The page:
Architect James, Harwick + Partners continues to set a new standard for affordable design. (Last year the company won a Multifamily Executive award for Columbia Estates, a mixed-income project just down the street.) The project resembles a large estate or country club with its craftsman-style design and an intricate porte cochere drop-off area. The deluxe grounds feature a meditation area overlooking a koi pond, a community vegetable garden, and a garden gazebo.
The building features just as many lavish touches on the inside. Naturally lit hallways provide semi-private seating areas for residents and guests to gather. Instead of institutional-looking metal doors, the doors to the units are made of fiberglass stained to resemble oak. Small shelves outside each unit provide a place for residents to display photos and other knickknacks. –R.Z.A.
When building for the military, architecture is only one factor in the project. Public amenities such as parks and neighborhood centers are often equally important in the community's success, as shown by the Monterey Bay Military Housing development in California.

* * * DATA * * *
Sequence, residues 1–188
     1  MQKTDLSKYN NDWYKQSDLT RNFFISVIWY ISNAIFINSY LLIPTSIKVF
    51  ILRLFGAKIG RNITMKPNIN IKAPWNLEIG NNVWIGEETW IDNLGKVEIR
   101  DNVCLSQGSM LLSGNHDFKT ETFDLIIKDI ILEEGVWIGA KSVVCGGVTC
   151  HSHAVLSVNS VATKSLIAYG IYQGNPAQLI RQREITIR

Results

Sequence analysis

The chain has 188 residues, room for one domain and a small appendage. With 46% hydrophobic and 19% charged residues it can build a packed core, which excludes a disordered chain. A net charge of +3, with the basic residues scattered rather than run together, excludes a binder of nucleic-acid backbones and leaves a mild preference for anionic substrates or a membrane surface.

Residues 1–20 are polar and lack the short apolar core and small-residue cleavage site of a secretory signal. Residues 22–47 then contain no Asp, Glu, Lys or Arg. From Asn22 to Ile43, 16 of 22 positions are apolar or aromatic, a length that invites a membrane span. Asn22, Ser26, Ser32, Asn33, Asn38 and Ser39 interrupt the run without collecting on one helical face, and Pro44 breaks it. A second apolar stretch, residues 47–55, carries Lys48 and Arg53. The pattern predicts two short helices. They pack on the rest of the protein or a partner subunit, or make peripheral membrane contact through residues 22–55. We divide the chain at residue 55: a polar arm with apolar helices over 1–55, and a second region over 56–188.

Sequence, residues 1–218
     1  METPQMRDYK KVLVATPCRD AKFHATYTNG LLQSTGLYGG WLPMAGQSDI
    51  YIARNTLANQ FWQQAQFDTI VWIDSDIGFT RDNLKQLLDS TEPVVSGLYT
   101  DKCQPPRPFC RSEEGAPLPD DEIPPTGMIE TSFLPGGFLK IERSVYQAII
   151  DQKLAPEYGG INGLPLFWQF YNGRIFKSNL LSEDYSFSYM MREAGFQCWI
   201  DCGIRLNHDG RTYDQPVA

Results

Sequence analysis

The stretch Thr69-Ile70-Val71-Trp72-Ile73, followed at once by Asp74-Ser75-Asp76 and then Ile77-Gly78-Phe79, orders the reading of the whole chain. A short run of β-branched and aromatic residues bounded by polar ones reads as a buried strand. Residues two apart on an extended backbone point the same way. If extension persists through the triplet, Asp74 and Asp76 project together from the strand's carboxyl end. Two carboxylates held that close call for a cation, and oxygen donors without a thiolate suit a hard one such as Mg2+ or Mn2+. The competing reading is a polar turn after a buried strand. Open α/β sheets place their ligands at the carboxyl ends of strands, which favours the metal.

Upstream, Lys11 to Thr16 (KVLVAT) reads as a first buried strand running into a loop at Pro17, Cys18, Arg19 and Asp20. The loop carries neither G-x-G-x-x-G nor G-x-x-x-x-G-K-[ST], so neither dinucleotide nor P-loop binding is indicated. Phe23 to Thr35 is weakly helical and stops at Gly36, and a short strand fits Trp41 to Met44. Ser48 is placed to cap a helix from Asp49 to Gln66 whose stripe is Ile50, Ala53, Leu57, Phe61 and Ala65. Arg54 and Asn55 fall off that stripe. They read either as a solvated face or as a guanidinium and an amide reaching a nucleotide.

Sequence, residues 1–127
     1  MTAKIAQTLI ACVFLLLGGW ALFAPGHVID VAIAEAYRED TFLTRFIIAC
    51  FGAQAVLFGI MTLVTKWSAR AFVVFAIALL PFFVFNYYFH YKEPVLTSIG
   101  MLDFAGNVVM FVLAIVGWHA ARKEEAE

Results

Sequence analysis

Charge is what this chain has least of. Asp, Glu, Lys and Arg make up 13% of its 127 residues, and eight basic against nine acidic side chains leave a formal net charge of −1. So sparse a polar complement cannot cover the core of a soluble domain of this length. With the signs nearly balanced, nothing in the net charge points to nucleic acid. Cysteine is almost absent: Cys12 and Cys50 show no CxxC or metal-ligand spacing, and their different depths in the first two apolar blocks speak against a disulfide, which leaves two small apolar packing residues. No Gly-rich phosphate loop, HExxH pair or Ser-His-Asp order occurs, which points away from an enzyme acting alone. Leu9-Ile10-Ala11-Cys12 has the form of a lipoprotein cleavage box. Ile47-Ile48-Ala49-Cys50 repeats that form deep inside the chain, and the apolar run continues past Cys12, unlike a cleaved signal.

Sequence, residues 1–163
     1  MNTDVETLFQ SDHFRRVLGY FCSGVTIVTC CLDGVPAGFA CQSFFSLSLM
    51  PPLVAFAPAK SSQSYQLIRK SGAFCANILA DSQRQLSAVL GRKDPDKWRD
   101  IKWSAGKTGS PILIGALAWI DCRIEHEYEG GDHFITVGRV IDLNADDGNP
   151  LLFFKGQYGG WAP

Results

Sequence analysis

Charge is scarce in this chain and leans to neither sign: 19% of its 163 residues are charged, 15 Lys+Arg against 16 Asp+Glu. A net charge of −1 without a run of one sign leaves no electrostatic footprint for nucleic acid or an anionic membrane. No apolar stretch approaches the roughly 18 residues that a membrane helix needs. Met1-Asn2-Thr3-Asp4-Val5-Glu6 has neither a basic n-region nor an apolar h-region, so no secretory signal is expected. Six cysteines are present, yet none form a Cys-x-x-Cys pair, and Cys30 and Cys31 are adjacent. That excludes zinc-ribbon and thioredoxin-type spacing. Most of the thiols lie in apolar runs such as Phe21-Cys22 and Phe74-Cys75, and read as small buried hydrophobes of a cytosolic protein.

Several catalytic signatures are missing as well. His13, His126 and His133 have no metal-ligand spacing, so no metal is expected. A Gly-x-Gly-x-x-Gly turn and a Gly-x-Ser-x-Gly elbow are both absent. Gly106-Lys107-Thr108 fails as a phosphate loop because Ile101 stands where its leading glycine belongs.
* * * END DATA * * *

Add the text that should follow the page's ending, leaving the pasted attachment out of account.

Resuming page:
Handled by Clark Pinnacle Family Communities of Bethesda, Md., the Monterey Bay project involved the replacement and renovation of 2,268 housing units at the Ord Military Community, the Presidio of Monterey, La Mesa Village, and the Naval Postgraduate School, which are all in Monterey Bay. Among the highlights: Hayes Park, which includes a 2,406-square-foot neighborhood center, two tennis courts, a basketball court, three soccer fields, and five tot lots.
In land planning, Clark Pinnacle turned to tree-lined streets and common areas to encourage interaction, offering plenty of community spaces for residents to meet, talk, and play. But the developer also provided privacy and security to mothers and fathers of young children, thanks to fenced-in backyards. Finally, since many military families accumulate lots of belongings (and storage boxes) during their many moves around the world, Clark Pinnacle built two storage rooms in each new home at Monterey Bay. –L.S.
Who knew an auto body shop could look this good? Rainbow Lofts, once home to the Rainbow Auto Body Shop, now features 21 industrial chic for-sale lofts boasting 13-foot ceilings, expansive windows, original brick walls, exposed ductwork, and steel beams. Units sell from the $200,000s to the $700,000s.